10 Things to Know About Alcoholics Anonymous
For close to a century, Alcoholics Anonymous, or AA, has been helping alcoholics get – and stay — sober. Meetings take place around the world, and sometimes around the clock, providing both a community and a framework for people struggling to recover from an addiction that controls their lives.
1. There are over 100,000 AA groups throughout the world
AA groups can be found in places as different as Belarus and the Azores. In some major cities, AA groups meet night and day to accommodate anyone who needs to attend. AA groups can be formed by anyone, and many specific groups exist to support specific populations, such as atheists, LGBTQ individuals, or teens.
2. Alcoholics Anonymous really is anonymous
At meetings, participants give only their first names – and they can give a false name if they like. That insistence on anonymity preserves confidentiality and helps members feel comfortable and safe about sharing their experiences.
3. Alcoholics Anonymous is run by members, not by medical institutions or social service organizations
From local groups in small towns to the global AA World Services, the organization is served entirely by its members, who are alcoholics, and a few non-alcoholic supporters. AA groups are entirely self supporting, too, depending on the donations and efforts of the members themselves.
4. Over one-third of regular AA participants remain sober for over ten years
Members can continue in groups for as long as they want or need to do so, and anyone can return after a relapse and get the support they need to start recovery again. Members who meet milestones such one-year, five or ten years of sobriety are rewarded with “chips” to acknowledge their effort.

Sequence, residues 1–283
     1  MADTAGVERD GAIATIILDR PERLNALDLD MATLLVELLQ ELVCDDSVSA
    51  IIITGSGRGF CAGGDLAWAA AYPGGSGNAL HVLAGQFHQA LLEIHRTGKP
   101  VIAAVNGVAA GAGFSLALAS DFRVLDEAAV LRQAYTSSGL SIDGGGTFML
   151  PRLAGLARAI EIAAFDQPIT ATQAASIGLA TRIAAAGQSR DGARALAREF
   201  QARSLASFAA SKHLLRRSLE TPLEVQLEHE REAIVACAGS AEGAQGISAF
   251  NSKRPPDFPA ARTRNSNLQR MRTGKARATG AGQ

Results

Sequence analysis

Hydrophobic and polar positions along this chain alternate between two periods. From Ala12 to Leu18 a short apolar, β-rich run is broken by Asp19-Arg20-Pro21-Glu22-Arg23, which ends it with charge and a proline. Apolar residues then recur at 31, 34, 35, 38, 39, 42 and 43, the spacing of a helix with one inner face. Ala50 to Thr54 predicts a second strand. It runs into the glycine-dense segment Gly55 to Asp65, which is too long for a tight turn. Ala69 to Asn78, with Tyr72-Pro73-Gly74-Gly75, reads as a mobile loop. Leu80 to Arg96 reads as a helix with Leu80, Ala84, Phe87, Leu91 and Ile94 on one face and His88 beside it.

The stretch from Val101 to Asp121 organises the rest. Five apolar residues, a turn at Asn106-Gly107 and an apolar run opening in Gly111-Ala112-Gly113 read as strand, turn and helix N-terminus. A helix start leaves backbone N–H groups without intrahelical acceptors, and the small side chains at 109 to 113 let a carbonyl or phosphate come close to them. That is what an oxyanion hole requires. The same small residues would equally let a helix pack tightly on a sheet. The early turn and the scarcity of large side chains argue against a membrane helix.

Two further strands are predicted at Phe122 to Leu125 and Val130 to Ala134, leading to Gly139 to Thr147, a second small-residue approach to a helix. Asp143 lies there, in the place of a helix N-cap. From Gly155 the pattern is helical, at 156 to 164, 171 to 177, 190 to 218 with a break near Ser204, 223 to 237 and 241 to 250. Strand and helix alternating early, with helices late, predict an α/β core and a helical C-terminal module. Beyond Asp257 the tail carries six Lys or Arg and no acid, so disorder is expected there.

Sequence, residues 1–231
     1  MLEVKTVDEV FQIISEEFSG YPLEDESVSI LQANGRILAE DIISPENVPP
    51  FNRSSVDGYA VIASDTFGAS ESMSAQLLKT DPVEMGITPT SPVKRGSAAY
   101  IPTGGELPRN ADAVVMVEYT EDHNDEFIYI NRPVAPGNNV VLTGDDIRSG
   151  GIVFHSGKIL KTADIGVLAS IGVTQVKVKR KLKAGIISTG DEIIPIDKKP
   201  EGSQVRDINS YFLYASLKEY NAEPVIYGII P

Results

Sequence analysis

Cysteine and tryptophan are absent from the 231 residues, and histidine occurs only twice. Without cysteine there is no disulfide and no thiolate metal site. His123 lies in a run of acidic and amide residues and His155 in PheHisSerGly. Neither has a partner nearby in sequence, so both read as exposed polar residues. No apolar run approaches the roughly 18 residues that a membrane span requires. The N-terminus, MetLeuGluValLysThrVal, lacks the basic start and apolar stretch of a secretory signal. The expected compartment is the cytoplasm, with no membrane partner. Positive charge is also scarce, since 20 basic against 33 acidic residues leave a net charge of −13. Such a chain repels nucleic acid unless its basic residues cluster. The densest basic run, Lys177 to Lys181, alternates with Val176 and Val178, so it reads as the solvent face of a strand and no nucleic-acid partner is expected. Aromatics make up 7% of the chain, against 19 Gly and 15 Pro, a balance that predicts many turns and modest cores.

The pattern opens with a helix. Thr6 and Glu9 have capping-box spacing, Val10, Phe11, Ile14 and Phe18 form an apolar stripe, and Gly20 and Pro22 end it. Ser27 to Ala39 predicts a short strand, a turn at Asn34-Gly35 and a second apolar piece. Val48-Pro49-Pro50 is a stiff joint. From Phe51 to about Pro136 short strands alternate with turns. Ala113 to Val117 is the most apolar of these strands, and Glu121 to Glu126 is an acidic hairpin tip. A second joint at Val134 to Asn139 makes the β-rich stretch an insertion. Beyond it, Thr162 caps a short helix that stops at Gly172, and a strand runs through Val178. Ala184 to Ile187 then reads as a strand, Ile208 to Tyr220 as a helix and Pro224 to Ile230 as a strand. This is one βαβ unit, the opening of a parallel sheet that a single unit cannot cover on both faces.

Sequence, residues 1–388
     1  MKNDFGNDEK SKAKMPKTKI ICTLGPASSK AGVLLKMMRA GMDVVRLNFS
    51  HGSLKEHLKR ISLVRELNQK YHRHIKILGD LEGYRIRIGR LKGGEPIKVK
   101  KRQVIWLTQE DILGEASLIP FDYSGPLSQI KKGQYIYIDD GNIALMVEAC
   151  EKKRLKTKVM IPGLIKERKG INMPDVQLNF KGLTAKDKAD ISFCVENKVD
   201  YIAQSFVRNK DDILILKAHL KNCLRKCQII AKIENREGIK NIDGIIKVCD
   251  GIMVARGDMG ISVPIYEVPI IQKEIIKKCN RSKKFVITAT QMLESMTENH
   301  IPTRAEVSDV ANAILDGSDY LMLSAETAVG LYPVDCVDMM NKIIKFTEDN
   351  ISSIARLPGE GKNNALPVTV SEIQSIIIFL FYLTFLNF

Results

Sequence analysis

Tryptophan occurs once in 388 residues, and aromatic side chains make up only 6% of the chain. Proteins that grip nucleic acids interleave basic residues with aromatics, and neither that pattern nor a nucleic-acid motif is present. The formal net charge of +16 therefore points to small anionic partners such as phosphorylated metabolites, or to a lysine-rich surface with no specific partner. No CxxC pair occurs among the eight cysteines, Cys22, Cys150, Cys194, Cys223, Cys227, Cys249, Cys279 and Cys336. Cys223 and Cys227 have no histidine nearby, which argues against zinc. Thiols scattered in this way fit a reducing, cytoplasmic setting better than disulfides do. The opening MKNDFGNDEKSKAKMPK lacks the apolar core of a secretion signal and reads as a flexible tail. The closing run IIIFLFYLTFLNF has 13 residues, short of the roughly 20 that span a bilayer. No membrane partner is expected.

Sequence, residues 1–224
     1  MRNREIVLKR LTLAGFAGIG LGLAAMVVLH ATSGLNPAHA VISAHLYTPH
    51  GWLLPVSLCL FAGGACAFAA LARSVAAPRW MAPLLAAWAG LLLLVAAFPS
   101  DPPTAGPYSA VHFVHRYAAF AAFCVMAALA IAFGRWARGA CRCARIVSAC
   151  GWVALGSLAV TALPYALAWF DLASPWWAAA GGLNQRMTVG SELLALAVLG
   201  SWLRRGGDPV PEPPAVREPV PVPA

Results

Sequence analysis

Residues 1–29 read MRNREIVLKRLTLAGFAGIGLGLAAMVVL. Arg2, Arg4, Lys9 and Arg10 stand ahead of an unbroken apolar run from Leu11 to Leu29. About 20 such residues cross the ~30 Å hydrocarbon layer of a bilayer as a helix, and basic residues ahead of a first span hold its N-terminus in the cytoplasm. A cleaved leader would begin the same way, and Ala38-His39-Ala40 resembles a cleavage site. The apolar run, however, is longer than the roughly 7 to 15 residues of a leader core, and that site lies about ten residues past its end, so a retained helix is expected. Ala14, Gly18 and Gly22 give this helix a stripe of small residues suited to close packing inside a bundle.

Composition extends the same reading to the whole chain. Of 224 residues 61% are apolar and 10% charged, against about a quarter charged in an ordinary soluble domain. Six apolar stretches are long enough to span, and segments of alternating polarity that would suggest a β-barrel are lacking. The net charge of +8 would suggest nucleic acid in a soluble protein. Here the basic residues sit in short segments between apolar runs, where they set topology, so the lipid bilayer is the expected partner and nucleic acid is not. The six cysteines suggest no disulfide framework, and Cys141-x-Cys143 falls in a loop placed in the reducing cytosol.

5. AA’s Twelve Steps are a well-known formula for recovery
The organization is also run by its Twelve Traditions, another set of principles that guide how groups are structured and how the organization is run on a global level. The Twelve Traditions expand the ideas of the Twelve Steps into a much broader worldview that emphasizes service and responsibility.
6. Over two thirds of AA members have the support of a sponsor
A sponsor is someone who has already completed the twelve steps and is able to support a new member on the road to sobriety. Sponsors provide support and encouragement, but they benefit too. Being a sponsor also encourages a member to stay sober and set a good example for the group.
7. AA meetings can be open or closed
Closed meetings are available only to those who profess a desire to stop drinking. These meetings offer a safe place to admit to alcoholism without being challenged or criticized. Open meetings can be attended by non-alcoholics too, such as observers or friends and family members of alcoholics.
8. The Christian overtones of the original Twelve Steps have made some people uncomfortable
The Steps have been adapted and reframed over and over to reflect different belief systems – or none at all. New versions omit references to God and prayer, but all reflect the core values of the original steps.
9. AA’s group structure and Twelve Steps have been adapted worldwide
This has helped people recover from addictions of all kinds, from Narcotics Anonymous to Workaholics Anonymous and Clutterers Anonymous.
10. AA meetings are completely free of charge
They can also be incorporated into treatment programs of all kinds. AA meetings are held in hospitals and other treatment facilities, as well as in prisons, halfway houses and outpatient rehab programs.
Since it began in 1935, AA has served over a million people struggling with alcohol addiction, and as a model for other kinds of addiction recovery programs, it has helped even more.Free, anonymous and always available, AA can help alcoholics get and stay sober – with the help of people who have been there themselves.
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